Google privacy policy inquiry set for September ruling

Google will find out in September whether it has fallen foul of EU data protection rules following the merging of its privacy policies earlier this year.

France's data protection agency said it is looking to wrap up the inquiry over Google's privacy policy merger and will likely give its verdict in September, reports Reuters.

Google remains at the centre of a privacy storm that saw European regulators riled and demanding answers as to why it combined some 70 privacy policies from its products and services and smashed them into a one-size-fits-all document.

The search giant said it warned users of the changes for months in the run up to the March 1 switchover in form of emails and search page notifications, which it says it designed to improve search results better.

Users cannot opt out of the new data-sharing policy.

The 'simplified' privacy policy shares private user data from one Google product to another, making targeted advertising more focused and the collection of data by government agencies far easier. Simply put, it allows Google to build up an even greater, succinct picture of its users. 

The Article 29 Working Party asked Google to put the changes on ice until it could consider the impact it would have on European citizens, but the company ignored the warning and went ahead on its scheduled date.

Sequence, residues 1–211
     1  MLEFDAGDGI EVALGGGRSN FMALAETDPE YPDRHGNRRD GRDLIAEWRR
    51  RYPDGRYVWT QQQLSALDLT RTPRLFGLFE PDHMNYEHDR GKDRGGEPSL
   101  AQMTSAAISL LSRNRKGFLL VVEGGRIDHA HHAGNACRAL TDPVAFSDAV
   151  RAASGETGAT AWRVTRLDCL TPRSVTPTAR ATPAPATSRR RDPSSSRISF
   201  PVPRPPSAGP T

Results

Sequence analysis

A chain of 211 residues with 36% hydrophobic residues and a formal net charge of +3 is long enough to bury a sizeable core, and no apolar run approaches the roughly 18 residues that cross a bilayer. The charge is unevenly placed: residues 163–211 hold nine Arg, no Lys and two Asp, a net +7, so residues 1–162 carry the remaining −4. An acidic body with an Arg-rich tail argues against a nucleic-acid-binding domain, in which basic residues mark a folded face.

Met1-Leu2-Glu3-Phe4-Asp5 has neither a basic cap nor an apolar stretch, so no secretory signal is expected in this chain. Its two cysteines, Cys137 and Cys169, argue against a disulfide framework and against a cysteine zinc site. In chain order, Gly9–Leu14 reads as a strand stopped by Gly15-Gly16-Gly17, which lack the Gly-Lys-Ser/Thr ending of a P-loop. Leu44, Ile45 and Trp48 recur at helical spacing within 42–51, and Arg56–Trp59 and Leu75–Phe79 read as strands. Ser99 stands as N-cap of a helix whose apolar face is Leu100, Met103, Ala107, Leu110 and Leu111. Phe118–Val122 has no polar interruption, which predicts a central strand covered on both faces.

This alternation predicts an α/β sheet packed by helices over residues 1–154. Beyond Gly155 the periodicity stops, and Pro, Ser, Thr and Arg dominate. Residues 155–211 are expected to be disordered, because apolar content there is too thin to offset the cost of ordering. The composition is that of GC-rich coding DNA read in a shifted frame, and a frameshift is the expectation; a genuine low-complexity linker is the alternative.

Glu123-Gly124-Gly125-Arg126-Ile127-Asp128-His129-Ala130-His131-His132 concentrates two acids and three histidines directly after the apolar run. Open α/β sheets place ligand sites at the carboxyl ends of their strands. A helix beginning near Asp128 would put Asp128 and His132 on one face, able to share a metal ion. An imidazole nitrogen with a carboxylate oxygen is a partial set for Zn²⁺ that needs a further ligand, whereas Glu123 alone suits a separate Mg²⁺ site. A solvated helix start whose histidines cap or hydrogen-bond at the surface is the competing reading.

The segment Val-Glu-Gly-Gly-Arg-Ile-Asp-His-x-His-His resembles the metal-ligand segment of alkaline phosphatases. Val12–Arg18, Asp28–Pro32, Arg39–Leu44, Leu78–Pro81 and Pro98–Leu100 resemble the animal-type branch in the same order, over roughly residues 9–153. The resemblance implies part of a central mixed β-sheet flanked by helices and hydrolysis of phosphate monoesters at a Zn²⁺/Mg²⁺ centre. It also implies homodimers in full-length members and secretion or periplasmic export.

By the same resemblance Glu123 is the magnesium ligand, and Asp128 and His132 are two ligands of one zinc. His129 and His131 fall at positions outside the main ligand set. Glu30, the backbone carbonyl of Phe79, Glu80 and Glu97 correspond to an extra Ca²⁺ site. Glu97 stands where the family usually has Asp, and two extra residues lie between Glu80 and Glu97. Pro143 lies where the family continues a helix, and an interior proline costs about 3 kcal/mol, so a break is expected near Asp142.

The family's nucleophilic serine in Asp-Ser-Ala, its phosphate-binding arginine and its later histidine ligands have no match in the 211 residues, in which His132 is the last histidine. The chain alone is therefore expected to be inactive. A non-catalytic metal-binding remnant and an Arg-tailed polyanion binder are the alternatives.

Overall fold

The French Commission Nationale de l'Informatique (CNIL) said it planned to make it decision in June on whether Google's move complied with European law, but an influx of documents and paperwork from the search giant delayed the decision. 

The CNIL, which was tasked with probing the regulator with the long arm of the law, will draw its conclusions and present its findings to the European Union's other data regulators later this year.

The inquiry could lead to a slap on the bottom for Google in form of a fine up to €300,000 ($370,000; £240,000) and sanctions against the company's business practices within the EU --- something it would want to avoid. 

However, individual member states could seek their own financial penalties, which could see the fines rack up into the millions of euros.

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